Game over



Rated 1.0

Vintage video games come to the forefront in Pixels,a feature length movie starring Adam Sandler based on a quirky little short film by Patrick Jean. The fact that the short film is a lot cooler than this full-length feature reveals that 1) perhaps the concept works better in a small dose and 2) getting Adam Sandler involved was, as it usually is, a really bad idea.

Sandler, in mopey dog wiseass mode, plays Brenner, installer of home video equipment and best friend to Cooper (Kevin James), the president of the United States. Brenner is a former video game whiz kid who lost a world championship to Eddie (Peter Dinklage) when he failed to come through during a round of Donkey Kong. That loss sent him on some sort of damaged ego spiral that ruined his life, while fellow gamer Cooper went on to be the leader of the free world.

While Brenner is out making the rounds and trying to score with Violet (Michelle Monaghan), a customer going through marital turmoil, Guam is attacked by the 1980s video game Galaga.

It turns out that aliens have retrieved a videotape of old games shot into space in the early ’80s and interpreted it as a declaration of war on their planet. So they are sending old timey video games to wipe us out, and using dubbed footage of ’80s icons like Daryl Hall, Ronald Reagan and Madonna as messengers.

It’s all fairly interesting at first, but this is an Adam Sandler project, after all, so he and his cohorts are likely to wear out their welcome after the first half. Not only do they wear out their welcome, the film goes from mildly entertaining to total Stinksville as it wears on.

The premise and the build-up are promising, but the Sandler shtick and some tepid, shallow writing do everything in. As for the special effects, we’re talking about Pac-Man, Centipede and Donkey Kong here, so massive, awe-inspiring special effects are not in order. If you should choose to spring for the 3-D version, you will find yourself wholly disappointed and a couple of more bucks poorer.

Surprisingly, even though Sandler is nothing to get excited about here, the worst performer in Pixels happens to be the normally reliable Dinklage. He mugs so much in this movie, you could drink a cup of coffee out of his head. Also making an ass of himself is Josh Gad as Ludlow, the strange conspiracy theorist friend who is basically around because he’s overweight and kooky.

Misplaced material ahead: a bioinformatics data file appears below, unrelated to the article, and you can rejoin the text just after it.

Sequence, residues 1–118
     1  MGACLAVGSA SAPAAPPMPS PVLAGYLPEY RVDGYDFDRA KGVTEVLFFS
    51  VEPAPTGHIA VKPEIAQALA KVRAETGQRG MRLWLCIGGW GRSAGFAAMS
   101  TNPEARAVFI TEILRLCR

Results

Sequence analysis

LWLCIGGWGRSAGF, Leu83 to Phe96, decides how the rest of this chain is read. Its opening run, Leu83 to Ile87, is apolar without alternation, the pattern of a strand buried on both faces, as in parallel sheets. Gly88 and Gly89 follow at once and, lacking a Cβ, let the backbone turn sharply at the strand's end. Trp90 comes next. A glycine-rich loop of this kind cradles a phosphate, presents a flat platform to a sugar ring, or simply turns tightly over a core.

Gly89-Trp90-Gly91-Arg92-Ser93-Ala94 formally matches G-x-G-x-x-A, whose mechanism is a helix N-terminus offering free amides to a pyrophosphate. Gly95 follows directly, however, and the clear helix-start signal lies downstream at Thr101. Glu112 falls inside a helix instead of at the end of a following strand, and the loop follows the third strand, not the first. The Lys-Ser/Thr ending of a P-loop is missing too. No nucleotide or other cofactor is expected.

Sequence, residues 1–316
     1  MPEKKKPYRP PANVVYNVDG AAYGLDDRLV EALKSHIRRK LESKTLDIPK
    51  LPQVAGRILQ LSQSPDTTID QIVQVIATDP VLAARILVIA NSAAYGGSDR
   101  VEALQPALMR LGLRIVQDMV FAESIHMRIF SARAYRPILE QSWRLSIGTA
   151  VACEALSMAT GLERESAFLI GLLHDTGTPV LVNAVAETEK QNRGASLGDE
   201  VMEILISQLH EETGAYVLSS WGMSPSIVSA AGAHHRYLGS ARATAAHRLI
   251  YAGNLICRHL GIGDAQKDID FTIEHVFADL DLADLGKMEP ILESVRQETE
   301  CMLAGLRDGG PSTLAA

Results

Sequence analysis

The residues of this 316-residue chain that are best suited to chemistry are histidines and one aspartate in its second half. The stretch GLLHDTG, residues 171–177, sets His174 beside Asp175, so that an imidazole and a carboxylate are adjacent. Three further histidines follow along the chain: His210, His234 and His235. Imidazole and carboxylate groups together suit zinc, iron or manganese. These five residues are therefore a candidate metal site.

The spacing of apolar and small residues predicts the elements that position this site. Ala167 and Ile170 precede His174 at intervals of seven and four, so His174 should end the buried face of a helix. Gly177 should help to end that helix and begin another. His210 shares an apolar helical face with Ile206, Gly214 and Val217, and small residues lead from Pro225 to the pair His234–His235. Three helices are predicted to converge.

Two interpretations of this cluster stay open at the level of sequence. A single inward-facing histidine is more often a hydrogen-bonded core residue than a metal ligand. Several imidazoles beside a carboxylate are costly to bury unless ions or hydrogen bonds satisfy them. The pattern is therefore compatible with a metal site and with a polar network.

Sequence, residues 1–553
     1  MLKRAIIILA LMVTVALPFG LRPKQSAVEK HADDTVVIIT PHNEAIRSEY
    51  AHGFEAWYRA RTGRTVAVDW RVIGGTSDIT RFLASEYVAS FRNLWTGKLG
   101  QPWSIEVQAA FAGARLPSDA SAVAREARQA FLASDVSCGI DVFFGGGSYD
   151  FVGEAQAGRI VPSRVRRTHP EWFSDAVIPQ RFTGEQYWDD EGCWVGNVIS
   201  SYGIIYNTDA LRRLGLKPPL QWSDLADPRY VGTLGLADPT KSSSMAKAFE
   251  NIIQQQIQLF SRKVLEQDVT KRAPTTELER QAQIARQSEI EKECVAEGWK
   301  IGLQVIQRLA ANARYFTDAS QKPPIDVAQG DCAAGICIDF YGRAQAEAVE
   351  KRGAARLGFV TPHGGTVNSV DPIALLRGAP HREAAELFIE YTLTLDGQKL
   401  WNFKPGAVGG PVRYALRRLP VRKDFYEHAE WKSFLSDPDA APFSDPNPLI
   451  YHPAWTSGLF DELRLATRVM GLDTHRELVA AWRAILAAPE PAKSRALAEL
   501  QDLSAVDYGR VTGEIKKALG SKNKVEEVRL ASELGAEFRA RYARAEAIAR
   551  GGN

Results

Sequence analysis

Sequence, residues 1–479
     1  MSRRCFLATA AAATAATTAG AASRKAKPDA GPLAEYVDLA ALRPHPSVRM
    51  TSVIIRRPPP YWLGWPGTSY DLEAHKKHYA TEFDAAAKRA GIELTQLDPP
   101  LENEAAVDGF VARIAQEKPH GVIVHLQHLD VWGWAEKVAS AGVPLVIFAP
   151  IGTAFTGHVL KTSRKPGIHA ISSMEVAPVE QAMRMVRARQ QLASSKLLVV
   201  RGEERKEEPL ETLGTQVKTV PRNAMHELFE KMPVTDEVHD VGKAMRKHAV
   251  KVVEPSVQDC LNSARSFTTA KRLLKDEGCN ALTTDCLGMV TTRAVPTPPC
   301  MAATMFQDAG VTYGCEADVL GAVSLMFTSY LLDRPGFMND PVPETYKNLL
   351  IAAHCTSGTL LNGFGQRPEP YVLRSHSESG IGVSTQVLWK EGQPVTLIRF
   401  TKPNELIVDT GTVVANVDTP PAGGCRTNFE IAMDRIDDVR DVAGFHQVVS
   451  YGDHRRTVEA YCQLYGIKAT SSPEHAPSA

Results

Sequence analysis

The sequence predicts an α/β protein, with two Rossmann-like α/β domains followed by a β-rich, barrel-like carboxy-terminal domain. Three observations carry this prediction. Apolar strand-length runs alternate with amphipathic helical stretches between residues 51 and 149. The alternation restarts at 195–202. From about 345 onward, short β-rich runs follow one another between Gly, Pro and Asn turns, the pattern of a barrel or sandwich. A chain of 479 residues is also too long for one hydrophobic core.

The film is directed by Chris Columbus, who directed the first, shitty Harry Potter movie—and the much better second one—along with the awful Mrs. Doubtfire and Home Alone. Even though he’s responsible for some lousy movies, including this one, he did debut with Adventures in Babysitting, and that movie rules. So I can’t totally hate the guy. I can only partially hate him.

The once mighty Sandler has hit so many cinematic potholes these last few years that his suspension is totally shot, and his tires are trashed. His future slate involves a deal with Netflix to produce and star in films, including the upcoming, already controversial Western spoof, The Ridiculous 6. It appears Hollywood is losing faith in him, which makes total sense.

It’s sad to see the likes of Monaghan, so good in films like Source Code and Kiss Kiss Bang Bang, hitting a point in her career where she has to play a Sandler love interest. In fact, it’s utterly heartbreaking. It’s perhaps the film’s greatest feat that Monaghan makes her character’s leanings toward Sandler semi-convincing. That’s some heavy-duty acting, for sure.

If you are looking for some summer movie fun, go see Ant-Man, Trainwreck or Inside Out. Pixels is a total letdown, as disappointing as losing a handful of quarters in a faulty Asteroids machine while ingesting crap pizza at Chuck E Cheese’s.